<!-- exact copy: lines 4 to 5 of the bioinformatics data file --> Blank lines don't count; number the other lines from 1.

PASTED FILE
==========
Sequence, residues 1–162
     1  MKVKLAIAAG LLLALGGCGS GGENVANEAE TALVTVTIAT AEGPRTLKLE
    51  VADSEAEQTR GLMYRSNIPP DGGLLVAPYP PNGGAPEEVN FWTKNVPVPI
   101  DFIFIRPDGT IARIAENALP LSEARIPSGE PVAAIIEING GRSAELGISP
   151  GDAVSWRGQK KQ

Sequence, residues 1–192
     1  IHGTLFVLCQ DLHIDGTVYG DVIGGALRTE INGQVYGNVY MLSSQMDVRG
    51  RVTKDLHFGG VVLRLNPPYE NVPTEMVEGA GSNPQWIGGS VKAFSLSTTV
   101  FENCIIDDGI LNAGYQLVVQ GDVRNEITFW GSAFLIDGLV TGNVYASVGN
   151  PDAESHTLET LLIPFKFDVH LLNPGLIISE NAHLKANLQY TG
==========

   101  DFIFIRPDGT IARIAENALP LSEARIPSGE PVAAIIEING GRSAELGISP
   151  GDAVSWRGQK KQ